Help with calculating losses

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everydaysurvivalgear Offline
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Help with calculating losses

Hey folks i am answering this question for a class i do, do i add fixed losses into the total amount of losses calculated like i have or would fixed losses be taken out of the total amount?

Easy enough question just not worded great, 30000/30000+1250* 100 = 97.4% efficiency that is by adding all losses together.

!

Tafe
!
Edited by: everydaysurvivalgear on 08/17/2021 - 07:53
kennybobby Offline
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Location: huntspatch, alabama

It looks like there are 4 cases that they want you to consider, the 4 different power levels. So the fixed loss is added to the variable loss to get the total loss at each level. For the 25% case it would be 500W of total losses operating at 7500W power.

Where did you come up with that formula? it makes no sense.

% efficiency = (1- (fixed + variable power losses)/output power) * 100%

@25%, 93.33% efficient

Now i used to think that i was cool,
drivin' around on fossil fuel,
until i saw what i was doin',
was drivin' down the road to ruin. --JT

everydaysurvivalgear Offline
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Posts: 3764
Location: sydney australia (GMT+10)

kennybobby wrote:
It looks like there are 4 cases that they want you to consider, the 4 different power levels. So the fixed loss is added to the variable loss to get the total loss at each level. For the 25% case it would be 500W of total losses operating at 7500W power.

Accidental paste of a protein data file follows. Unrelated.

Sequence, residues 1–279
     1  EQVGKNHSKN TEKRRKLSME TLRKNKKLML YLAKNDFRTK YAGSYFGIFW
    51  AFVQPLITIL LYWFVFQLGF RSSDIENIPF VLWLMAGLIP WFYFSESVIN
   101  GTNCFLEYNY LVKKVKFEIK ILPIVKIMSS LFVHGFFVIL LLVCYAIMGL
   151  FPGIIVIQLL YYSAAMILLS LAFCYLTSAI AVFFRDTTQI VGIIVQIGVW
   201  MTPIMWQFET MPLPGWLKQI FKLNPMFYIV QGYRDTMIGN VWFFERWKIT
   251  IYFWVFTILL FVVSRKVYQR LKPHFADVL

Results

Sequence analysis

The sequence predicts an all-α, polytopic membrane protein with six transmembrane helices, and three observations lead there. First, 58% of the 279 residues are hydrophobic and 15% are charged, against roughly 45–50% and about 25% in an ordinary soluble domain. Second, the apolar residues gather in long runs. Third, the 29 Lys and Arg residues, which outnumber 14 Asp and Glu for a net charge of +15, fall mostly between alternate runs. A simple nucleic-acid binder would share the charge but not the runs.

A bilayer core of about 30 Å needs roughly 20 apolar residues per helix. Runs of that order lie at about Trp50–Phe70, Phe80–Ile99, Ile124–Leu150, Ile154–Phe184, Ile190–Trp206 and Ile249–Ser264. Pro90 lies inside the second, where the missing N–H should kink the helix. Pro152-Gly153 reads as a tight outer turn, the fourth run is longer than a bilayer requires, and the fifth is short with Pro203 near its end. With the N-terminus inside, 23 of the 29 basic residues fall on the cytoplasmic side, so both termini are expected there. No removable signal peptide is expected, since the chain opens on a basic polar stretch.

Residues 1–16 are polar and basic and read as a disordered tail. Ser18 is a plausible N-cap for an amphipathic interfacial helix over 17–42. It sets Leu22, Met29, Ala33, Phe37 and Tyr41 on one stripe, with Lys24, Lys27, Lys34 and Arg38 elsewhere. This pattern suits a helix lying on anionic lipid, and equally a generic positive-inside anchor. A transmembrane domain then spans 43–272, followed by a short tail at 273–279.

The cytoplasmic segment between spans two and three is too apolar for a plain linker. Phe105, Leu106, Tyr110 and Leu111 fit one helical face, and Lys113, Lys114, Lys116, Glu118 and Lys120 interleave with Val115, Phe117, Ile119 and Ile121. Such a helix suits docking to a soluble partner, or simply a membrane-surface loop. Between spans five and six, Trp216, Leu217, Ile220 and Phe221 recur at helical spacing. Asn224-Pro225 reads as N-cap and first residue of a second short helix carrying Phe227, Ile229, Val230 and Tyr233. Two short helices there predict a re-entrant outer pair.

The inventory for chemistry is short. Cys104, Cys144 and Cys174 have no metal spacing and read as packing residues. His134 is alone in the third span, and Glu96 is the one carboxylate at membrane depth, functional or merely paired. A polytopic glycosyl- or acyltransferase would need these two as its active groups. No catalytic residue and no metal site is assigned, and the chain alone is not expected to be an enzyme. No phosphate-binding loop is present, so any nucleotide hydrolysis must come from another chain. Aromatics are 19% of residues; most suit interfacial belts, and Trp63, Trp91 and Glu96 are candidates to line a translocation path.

Where did you come up with that formula? it makes no sense.

% efficiency = (1- (fixed + variable power losses)/output power) * 100%

@25%, 93.33% efficient

My math is
N= P out/ P out + losses *100

Output power plus losses is equal to input power, we got told to it that way.

Thanks for the help.

kennybobby Offline
Last seen: 44 min 30 sec ago
Joined: 05/10/2017 - 09:13
Posts: 1055
Location: huntspatch, alabama

Okay that makes sense, do it the way the instructor told you.

Now i used to think that i was cool,
drivin' around on fossil fuel,
until i saw what i was doin',
was drivin' down the road to ruin. --JT

swhs
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Last seen: 1 day 14 hours ago
Joined: 04/01/2020 - 07:51
Posts: 28

everydaysurvivalgear wrote:
kennybobby wrote:
It looks like there are 4 cases that they want you to consider, the 4 different power levels. So the fixed loss is added to the variable loss to get the total loss at each level. For the 25% case it would be 500W of total losses operating at 7500W power.

Where did you come up with that formula? it makes no sense.

% efficiency = (1- (fixed + variable power losses)/output power) * 100%

@25%, 93.33% efficient

My math is
N= P out/ P out + losses *100

Output power plus losses is equal to input power, we got told to it that way.

Thanks for the help.

That is correct and implicit in the question because it states ‘output power’ of the motor, i.e. that is the input power minus the losses. The losses are in the table, so for a given output power you calculate the required input power, rather than the other case which is from a given input power with losses at such power, calculating the actual output power that the motor then provides.